Prairie Post

5 things you absolutely must know today

Every morning, we scour the Internet and vet what we believe are the five things you absolutely need to know for the day. Join this mailing list to receive 5 things you absolutely must know today every morning, Monday to Friday.


Winnipeg to tally its homeless

Winnipeg is planning to take a census of its homeless people, to gauge whether or not its related social programs are doing what they should, according to the Winnipeg Free Press. It’s called a point-in-time count, and over the course of two nights it will tally those staying in emergency shelters, hotel rooms, and outside. The Harper government has set aside $600-million to combat homelessness in Canada, some of which Winnipeg has already begun to receive. Access to the money requires a homelessness census be taken. But Winnipeg wants this, too, as part of its new plan to end homelessness. Current estimates put Winnipeg’s homelessness count at about 2,750 people, according to the Freep. “The key thing about a count is not necessarily that it give a precise indisputable number, because no method of counting will be perfect. But done consistently over time, the trends will become clear,” director of the Winnipeg Poverty Reduction Council Brian Bechtel told the Winnipeg Free Press. “Right now, nobody can say definitively whether homelessness in Winnipeg is worsening or improving.” The date for count has not yet been set. [Source: Winnipeg Free Press]

Japan enters ‘technical recession’

Japan is now in a technical recession, according to the BBC, after an unexpected decline in gross domestic product. What was poised to increase by 2.1 per cent from July to September, fell by 1.6 per cent. Exports have picked up as the Yen decreased in value, but that increase did not make it down to employees, according to analysts. Consumers have stopped spending. Japan’s large public debt and failing economic foundations are at odds with each other, forcing politicians to postpone the sales tax hike expected for 2015.”The Japanese economy is in recession and has now contracted in three of the last four quarters,” said Glenn Levine, senior economist at Moody’s Analytics, told BBC. “The most likely course is now a snap election in December in which voters choose, naturally enough, to delay the tax increase.” Prime Minister Shinzo Abe is expected to call a parliamentary election to vote on the tax delay. [Source: BBC]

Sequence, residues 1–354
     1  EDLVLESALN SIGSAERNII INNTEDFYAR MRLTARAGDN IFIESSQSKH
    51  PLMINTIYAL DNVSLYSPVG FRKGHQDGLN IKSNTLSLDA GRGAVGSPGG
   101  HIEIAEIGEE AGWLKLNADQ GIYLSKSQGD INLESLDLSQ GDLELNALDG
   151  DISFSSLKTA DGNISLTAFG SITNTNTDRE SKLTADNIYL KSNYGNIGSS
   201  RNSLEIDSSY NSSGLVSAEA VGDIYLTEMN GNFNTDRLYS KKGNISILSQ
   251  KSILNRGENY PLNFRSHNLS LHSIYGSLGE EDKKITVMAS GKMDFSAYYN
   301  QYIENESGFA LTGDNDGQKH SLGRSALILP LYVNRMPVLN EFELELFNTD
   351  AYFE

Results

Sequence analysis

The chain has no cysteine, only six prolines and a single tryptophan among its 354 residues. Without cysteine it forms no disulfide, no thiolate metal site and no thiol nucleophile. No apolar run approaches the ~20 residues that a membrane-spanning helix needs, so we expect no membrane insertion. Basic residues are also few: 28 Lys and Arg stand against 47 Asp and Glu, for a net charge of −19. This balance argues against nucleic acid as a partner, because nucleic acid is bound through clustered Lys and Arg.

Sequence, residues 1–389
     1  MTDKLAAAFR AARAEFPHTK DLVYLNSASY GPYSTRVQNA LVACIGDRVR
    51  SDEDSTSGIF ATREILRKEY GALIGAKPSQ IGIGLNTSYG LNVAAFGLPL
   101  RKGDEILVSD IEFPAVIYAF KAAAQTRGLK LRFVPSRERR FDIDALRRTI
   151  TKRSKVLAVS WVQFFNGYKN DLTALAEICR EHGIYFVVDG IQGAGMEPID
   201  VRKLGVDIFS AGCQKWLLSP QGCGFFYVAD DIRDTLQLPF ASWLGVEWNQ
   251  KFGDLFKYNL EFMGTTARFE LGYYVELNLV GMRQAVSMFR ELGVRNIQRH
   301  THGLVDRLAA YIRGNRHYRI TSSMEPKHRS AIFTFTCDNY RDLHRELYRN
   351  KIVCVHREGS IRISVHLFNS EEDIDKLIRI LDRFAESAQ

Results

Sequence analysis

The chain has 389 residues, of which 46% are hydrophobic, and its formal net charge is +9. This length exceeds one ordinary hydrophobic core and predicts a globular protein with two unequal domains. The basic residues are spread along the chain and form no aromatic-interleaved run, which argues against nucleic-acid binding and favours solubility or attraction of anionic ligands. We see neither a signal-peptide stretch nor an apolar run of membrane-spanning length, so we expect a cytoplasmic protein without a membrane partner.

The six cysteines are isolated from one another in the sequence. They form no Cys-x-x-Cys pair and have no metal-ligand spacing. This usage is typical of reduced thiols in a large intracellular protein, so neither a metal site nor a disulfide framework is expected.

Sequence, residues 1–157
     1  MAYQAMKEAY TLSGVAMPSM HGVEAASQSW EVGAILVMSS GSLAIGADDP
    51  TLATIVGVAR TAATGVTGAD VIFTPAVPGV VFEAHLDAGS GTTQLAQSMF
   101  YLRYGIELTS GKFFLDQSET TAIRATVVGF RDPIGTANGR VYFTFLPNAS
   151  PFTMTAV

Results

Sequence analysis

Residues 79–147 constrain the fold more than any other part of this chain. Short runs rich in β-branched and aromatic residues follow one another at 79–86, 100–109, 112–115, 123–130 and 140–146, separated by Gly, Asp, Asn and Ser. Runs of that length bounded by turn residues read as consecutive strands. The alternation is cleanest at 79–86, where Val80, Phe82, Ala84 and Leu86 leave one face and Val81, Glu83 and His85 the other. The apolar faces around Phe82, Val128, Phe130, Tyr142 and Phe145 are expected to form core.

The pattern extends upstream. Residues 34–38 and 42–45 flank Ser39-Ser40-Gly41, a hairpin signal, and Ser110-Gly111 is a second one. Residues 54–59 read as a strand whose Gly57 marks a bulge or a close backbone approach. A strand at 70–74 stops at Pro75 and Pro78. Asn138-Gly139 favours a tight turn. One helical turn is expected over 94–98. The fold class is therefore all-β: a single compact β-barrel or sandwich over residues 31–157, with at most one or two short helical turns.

Woman, 91, found alive in morgue freezer

Janina Kolkiewicz, Polish and 91, was discovered wriggling around in a body bag, in a morgue freezer, after being declared dead by her family doctor. A funeral home worker unzipped the bag (which must have been scary as hell), and immediately got an ear full about it being too cold. The doctor said she didn’t have a pulse, and wasn’t breathing. The diagnosis no doubt seemed routine. Kolkiewicz told news sources that she’s feeling fine. [Source: Death and Taxes]

This world has more than 35-million people enslaved in it

Slavery affects more than 35-million people. So says a report on the ubiquity of forced labour, human trafficking, forced marriages, debt bondage, and sexual exploitation: The Global Slavery Index published by Australian NGO Walk Free Foundation. The number reveals a troubling, 23 per cent increase in the amount of people enslaved from the preceding year. India has 14.2-million slaves, China 3.2M, Pakistan 2M, Uzbekistan 1.2M, and Russia 1M. These five countries accounted for more than half of the global scourge, but instances were found in the 167 countries the report looked at. “There is an assumption that slavery is an issue from a bygone era,” said Andrew Forrest, founder of the NGO fighting to end slavery. “Or that it only exists in countries ravaged by war and poverty. These findings show that modern slavery exists in every country. We are all responsible for the most appalling situations where modern slavery exists and the desperate misery it brings upon our fellow human beings. The first step in eradicating slavery is to measure it. And with that critical information, we must all come together – governments, businesses and civil society – to finally bring an end to the most severe form of exploitation.” [Source: The Guardian]

Harper drops the gloves with Putin

Despite his weak, slippery appearance, Prime Minister Stephen Harper summoned the balls available to him and reportedly told Russian President Vladimir Putin to “get out of Ukraine.” Putin left the G20 Summit soon after that comment was made, and before the event was officially over.“It is necessary for all of us to keep the pressure on Mr. Putin and his regime and to do so over the long term, to make it clear that it will not be business as usual,” Harper, pleased with himself for taking the stand, told reporters. “We send the message, as I think we have in Canada, that whether it takes fives months or 50 years, we’re not going to drop the subject until Ukrainian territory is returned to Ukrainians.” Putin left early, as Harper was not the only one to give him a hard time. U.S. President Barack Obama reportedly threatened further sanctions. [Source: Global News]


Follow Toban Dyck at @tobandyck 

For more interesting stuff, follow @spectatortrib on Twitter. And find us on Instagram, too: @spectatortribune.  

Follow this link to subscribe to 5 things you absolutely must know today: